Before MANTON, L. HAND, and AUGUSTUS N. HAND, Circuit Judges.
The plaintiff was a passenger upon the defendant's steamer, and while disembarking at Naples got her foot caught under a plank and was injured. Her account of the occurrence is very vague and gives some plausibility to the defendant's argument that it leaves too much to conjecture to support a verdict. Nevertheless we think there was enough to show how she was hurt, and that it might have been due to some lapse in that high degree of care which is demanded of common carriers towards their passengers. It was permissible for a jury to find the following facts; we do not of course suggest that they must have done so. A gangplank ran from the rail to the wharf, the ship's end of which was raised some inches above the flush of the deck. To avoid a step up, a second plank was provided running inboard from the end of the gangplank, and forming an incline or ramp for a little distance. The plaintiff was about to step upon one end of this second plank when the passenger ahead of her stepped on the other end in such a way that the end near her rose and fell upon her foot. If something of the kind happened, a jury might find that it was not beyond what the ship should have provided against; the passengers were using the planks as they were expected to use them, and they went awry. That put the defendant to its proof.
The case was not dismissed on this issue, but because of a provision on the back of the ticket requiring an injured passenger to give written notice of any claim for injuries within thirty days after the ship's arrival. No such notice was given. Such limitations are lawful and when the time given is, as here, thirty days, they would be reasonable, except for the practice of taking up the ticket early in the trip and leaving the passenger in ignorance of the limitation at the only time when it becomes important. On its face such a practice appears so unfair as to make doubtful the validity of the limitation itself; but since there may be excuses for it which do not appear, we leave the question open. This we can properly do, because here the limitation was not part of the contract anyway and the carrier may not use it. The ticket was signed and dated by the company's travel agent at the bottom. It was headed with the name of the line and its place of business in New York; it recited that it was a second-class ticket from New York to Naples, on the steamer "Rex," leaving on the ninth of October at 12 p.m. The name of the passenger was filled in, the cabin and berth, and the price, together with the United States and port taxes. This was all except that below the signature was a notice that it was to be surrendered at the pier. Nothing on the face of the ticket called attention to the back, on which, however, the following was printed: "The following stipulations are entered into by the passenger as part of this contract." Then followed five provisions, of which the first limited the recovery for loss of baggage, and the second gave the ship certain "liberties"; the third was as follows: "No suit shall be maintained against the company * * * for any injury to the person, unless claim be made in like manner" (delivered in writing at the office), "within thirty days after such landing." The fourth and fifth provisions are not important. Since the plaintiff did not give written notice within thirty days, her default is an answer to the action, if the limitation be a part of the contract. Maibrunn v. Hamburg-American S.S. Co., 77 F.2d 304 (C.C.A.2), -- a stronger case for the ship -- holds that it is not. On the face of the ticket in that case, though not forming a part of the contract proper, there was a notice calling the attention of passengers to the provisions printed on the back; yet even that did not take it out of the doctrine of The Majestic, 166 U.S. 375, 17 S. Ct. 597, 41 L. Ed. 1039. We held that the stipulation must be incorporated, at least by reference, into the very body of the contract, and that not all that was on the face was in the body. Here there was no such notice on the face, even outside the body of the contract. The distinction is indeed somewhat formal and is not very satisfactory in theory, but our decision is directly in point, and we see no reason to change our views.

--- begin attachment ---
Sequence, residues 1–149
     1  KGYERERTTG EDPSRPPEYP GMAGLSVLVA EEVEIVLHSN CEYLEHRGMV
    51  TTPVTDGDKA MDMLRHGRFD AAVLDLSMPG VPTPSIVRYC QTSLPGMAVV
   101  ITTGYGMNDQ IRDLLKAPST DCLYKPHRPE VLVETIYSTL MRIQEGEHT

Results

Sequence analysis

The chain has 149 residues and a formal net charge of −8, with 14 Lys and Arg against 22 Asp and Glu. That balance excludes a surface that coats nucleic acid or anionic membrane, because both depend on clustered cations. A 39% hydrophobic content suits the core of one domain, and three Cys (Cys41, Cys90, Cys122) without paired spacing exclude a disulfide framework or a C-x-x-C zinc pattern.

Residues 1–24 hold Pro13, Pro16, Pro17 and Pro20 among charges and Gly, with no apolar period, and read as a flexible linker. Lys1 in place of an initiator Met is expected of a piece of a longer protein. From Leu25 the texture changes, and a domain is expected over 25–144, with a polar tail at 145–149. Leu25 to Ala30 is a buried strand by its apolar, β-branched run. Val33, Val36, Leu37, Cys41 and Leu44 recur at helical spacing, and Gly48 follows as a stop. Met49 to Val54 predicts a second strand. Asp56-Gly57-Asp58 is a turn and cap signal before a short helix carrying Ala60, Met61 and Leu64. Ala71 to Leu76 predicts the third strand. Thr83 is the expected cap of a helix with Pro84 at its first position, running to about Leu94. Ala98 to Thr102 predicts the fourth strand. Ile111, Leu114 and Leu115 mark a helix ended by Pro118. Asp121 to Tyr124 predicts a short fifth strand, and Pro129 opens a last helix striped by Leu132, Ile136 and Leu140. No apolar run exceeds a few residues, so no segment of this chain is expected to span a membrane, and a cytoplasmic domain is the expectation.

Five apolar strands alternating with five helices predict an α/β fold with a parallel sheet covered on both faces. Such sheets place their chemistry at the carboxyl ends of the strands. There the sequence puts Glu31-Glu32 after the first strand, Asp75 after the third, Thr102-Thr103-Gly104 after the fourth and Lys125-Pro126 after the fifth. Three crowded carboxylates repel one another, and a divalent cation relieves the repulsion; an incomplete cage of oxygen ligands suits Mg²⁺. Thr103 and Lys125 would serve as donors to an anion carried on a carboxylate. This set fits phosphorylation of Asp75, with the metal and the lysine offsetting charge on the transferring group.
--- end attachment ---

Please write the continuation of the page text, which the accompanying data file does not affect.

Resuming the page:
The husband also joined in the action, suing for the loss of his wife's services. The defendant raises a question whether the evidence did not show that these were of no value, but all such matters go to the ad damnum, and are for the jury.